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Unmasking the media 

Take a peek behind what national broadcast reporters convey while covering themselves and the pandemic

Oh, I just love it when a "national" broadcast news reporter submerges himself or herself in the hoary depths of a debacle. This is where they gain their stripes. This is raw reporting at its finest.

Over the ages, news reporters have strived to hurl themselves into the teeth of a storm, or war, or a Justin Bieber concert. The finest moments come with a trench coat while clutching a telephone pole as the category 5 hurricane scours the surrounding terrain like a "freight train" leaving a "war zone" with "trees snapping like matchsticks." And there, in the middle of it all ... is the intrepid reporter, body waving horizontally, lips flapping in the 157 mph wind.

And throughout it all, they are appropriately dressed. Mujahideen turbans in Afghanistan. Burkas in Iraq. And trench coats everywhere.

So it is with the virus I call "Phil." This is "war" in the absence of war, and national broadcast news reporters are embracing it with the full measure of zeal and appropriate dress. In this case, with the face mask.

Now don't get me wrong. I'm not dissing face masks. Worn in the appropriate setting along with at least a 6-foot zone of demarcation and a Taser, face masks can help to prevent the spread of Phil. But that's not the case with the national TV reporters I'm watching at this moment on the evening news as the anchor appears with a Zoom meeting/Brady Bunch display next to him where every reporter is wearing a mask.

The face mask has been hijacked as a virtue-signaling device like a bumper sticker on a Subaru. Reporters are visibly demonstrating their "high moral standards," when in most cases where they report from the mask is about as useful as a goose-down parka in a summer grassfire. Come to think of it, the mask would be a good thing in a grassfire.

But that's not where these important broadcast people are. They're in the middle of a Kmart parking lot in Secaucus. Or on an empty beach in Lavallette or Neptune. Or in desolate midtown Manhattan. You could fire an Exocet missile down Broadway these days and never hit anyone except perhaps the Naked Cowboy. But they're there. Fearless reporters all, wearing the mask.

(Insider's note: Most of these dufuses don't even write their own copy. They have producers who march to the orders of the East Coast Blue Blood Elite Network Managers, who have an agenda. Oh yes they do.)

And come to think of it part deux: They're all on the East Coast, and that's the problem. Most national media reside in the New York/Washington, D.C., corridor, and that's the lens through which they view the rest of the country. They think they are us. Since they've got it bad, they just assume the rest of us should suffer along with them.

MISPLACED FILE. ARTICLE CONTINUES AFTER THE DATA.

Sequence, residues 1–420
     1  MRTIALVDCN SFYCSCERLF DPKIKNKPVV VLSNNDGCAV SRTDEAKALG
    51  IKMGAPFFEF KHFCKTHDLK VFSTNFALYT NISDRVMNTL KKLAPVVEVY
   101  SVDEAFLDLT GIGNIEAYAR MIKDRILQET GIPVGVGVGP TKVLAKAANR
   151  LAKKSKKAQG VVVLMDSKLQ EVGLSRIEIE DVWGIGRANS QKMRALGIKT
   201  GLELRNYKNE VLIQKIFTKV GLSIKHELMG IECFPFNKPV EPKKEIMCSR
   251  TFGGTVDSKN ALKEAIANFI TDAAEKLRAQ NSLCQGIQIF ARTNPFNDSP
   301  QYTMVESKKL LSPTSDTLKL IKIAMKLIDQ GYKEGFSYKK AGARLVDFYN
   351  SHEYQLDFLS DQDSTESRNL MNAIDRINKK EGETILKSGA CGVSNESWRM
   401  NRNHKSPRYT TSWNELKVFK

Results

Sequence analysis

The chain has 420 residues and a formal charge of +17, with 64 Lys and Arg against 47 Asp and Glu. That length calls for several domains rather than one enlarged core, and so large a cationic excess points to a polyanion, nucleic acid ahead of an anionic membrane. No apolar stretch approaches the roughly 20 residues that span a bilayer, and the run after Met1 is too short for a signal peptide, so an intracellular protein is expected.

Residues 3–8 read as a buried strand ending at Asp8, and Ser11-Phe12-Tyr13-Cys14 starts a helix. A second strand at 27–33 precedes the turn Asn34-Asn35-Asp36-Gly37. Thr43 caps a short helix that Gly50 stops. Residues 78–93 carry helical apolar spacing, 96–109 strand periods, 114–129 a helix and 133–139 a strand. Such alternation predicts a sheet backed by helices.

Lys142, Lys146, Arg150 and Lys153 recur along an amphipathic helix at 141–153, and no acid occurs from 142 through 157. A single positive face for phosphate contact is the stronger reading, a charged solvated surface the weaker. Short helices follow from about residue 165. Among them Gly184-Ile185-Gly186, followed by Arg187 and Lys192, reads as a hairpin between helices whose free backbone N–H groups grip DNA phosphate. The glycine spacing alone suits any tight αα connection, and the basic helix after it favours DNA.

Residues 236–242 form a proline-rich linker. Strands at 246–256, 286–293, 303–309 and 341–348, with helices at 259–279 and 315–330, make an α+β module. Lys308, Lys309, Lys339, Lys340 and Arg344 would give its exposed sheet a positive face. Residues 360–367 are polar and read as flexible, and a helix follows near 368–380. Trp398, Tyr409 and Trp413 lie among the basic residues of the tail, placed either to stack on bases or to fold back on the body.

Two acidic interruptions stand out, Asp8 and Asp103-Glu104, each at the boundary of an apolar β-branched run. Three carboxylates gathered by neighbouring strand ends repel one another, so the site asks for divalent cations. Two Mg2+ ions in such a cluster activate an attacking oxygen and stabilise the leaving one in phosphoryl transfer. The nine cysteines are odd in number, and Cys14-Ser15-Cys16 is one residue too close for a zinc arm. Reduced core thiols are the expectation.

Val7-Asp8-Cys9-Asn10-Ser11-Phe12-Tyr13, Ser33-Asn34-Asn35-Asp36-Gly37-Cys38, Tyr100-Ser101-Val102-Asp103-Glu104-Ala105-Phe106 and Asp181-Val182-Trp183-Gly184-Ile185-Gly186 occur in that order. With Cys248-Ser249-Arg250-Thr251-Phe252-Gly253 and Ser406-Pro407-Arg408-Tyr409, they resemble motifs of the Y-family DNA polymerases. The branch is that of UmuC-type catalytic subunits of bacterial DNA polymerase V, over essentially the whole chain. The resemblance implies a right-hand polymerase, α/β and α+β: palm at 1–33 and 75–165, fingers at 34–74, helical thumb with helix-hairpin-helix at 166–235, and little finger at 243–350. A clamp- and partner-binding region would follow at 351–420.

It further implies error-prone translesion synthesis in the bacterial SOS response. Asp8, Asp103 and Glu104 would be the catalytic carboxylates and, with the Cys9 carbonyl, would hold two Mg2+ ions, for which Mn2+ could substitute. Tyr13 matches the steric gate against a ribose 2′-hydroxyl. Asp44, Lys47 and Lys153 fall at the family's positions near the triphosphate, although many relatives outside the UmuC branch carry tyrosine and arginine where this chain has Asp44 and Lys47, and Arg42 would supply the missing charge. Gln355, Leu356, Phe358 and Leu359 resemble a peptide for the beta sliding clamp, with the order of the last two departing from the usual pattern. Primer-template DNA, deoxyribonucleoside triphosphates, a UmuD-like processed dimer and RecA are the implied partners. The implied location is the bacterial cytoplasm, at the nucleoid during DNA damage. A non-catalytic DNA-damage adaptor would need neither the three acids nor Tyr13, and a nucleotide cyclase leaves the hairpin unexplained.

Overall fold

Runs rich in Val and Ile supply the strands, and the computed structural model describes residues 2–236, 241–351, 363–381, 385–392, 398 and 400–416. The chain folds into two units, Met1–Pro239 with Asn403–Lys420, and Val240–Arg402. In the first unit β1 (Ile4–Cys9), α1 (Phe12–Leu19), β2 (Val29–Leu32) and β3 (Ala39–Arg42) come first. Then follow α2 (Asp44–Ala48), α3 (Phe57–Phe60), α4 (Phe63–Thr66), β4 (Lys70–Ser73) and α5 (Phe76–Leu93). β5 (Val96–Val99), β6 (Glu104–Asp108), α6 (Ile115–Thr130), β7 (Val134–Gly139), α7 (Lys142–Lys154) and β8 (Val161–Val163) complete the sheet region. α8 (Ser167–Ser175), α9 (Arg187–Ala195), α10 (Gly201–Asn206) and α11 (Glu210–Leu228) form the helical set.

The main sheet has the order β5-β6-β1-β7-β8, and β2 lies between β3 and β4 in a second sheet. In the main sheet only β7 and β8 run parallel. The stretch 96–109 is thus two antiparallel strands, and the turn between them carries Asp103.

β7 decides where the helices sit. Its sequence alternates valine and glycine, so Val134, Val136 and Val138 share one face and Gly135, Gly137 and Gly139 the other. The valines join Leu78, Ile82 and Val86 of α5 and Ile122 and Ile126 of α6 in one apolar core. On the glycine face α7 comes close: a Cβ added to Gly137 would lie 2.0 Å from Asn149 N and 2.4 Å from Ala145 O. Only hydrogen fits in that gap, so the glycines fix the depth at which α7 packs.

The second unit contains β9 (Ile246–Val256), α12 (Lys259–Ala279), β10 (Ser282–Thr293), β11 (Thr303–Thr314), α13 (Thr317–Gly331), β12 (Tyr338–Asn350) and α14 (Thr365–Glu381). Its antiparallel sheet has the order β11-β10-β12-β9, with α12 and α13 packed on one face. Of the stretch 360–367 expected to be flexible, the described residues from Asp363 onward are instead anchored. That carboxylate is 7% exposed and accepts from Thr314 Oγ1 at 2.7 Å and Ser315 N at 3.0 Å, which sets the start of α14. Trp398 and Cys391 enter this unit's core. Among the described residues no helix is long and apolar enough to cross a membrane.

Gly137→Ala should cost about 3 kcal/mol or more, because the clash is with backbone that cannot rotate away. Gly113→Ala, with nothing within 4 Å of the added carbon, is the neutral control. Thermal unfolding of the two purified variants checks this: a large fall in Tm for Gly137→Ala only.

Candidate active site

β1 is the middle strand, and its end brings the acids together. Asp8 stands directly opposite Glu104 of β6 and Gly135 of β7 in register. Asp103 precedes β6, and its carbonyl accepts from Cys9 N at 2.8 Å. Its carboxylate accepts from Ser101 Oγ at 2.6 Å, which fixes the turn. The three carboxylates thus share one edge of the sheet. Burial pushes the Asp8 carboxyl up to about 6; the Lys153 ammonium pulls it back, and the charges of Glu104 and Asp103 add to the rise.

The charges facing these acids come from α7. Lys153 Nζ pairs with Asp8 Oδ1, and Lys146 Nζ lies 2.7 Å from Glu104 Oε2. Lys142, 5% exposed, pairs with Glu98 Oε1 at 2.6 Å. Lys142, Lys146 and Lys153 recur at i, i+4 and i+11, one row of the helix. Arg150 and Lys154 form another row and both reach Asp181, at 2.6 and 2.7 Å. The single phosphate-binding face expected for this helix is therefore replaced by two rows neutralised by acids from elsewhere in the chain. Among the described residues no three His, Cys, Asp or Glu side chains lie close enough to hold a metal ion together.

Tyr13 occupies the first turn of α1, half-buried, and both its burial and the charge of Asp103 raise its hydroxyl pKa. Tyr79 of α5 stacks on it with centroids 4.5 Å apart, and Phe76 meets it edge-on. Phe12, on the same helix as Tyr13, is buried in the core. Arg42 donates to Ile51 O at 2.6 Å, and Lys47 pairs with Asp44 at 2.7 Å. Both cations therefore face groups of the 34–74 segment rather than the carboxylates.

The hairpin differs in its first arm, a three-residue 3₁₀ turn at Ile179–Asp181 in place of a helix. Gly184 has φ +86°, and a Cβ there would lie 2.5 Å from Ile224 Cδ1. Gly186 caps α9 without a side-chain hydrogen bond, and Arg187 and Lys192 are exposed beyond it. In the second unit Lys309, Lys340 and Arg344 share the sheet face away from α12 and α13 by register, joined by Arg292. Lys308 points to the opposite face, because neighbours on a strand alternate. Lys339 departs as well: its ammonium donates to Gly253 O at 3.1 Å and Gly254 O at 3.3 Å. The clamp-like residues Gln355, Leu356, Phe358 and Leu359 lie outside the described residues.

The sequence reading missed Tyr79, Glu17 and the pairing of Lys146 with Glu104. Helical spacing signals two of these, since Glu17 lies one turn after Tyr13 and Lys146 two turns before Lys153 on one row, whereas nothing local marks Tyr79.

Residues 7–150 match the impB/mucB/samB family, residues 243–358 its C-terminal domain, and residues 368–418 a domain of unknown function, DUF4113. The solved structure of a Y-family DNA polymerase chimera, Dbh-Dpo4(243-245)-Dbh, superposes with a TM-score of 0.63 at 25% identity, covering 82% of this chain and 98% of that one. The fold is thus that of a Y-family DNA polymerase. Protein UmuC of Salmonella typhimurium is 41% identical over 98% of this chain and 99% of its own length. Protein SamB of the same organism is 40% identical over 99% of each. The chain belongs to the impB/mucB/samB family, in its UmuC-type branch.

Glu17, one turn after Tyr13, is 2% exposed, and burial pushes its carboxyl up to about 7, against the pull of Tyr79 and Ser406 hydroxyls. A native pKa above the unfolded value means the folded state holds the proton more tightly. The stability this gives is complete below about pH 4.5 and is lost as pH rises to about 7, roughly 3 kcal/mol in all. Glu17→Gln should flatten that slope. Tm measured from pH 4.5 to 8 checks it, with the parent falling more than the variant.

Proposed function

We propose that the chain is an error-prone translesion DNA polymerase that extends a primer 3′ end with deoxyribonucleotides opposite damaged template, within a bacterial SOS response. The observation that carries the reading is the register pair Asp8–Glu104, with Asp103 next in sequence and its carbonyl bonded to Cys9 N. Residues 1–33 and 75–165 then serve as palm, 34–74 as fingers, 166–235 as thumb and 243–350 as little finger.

Well, I feel bad for them, but I don't suffer with them. I've got my own stuff to deal with. It's like denying the whole fourth grade class peanut butter sandwiches because one student has an allergy. I get it. But what about the rest of us out here in the hinterlands? You know, "If we can prevent just one death" ... from despair, fear, anxiety, joblessness, homelessness, alcoholism, domestic abuse, heart attack, stroke, drug addiction, suicide. Post those statistics in bold print alongside the anchor, instead of virus stats, as if they're doing body counts during the Vietnam War. Aren't those economic lost lives equal in value to lives lost to the virus?

The reality is, we had it first. This is pretty clear now. I can't tell you how many people have said that they had a nasty unexplained illness here on the Central Coast long before we even heard of this virus thing called by many names. That includes my own family and friends. And there's a good explanation. California has/had a robust air bridge between us and China, where the virus began.

And since it comes from China, on the other side of the Pacific, we would naturally be the first to be infected, as recent studies out of Stanford and USC are confirming. Then it travels all the way to the East Coast. And to the East Coast from the other side of the Atlantic as well. So we've had it. Now they've got it. Such is life.

Well, here's the deal. Don't listen to these broadcast numbskulls. They spew negativity and divisiveness. Take charge of your own life. You know what is best for you. Wear a mask if you wish. But no mask can protect us from fear and despair and putting our lives on hold while the illuminati lecture us from afar. Respect your neighbor. Exercise common sense and cleanliness and responsibility. If you are among the "vulnerable," stay home. But for God's sake, let's get back to business.

The more we learn, the less we have to fear. And we've learned a lot. But not from the myopic mask-wearing posers on the "national" TV news. And I guarantee you the mask comes off once the camera is off. Δ

John Summer spent many years imbedded in the world of broadcast journalism and managed to survive unscathed. At least he thinks so. He writes from San Luis Obispo. Send your thoughts, comments, and opinionated letters to letters@newtimesslo.com.

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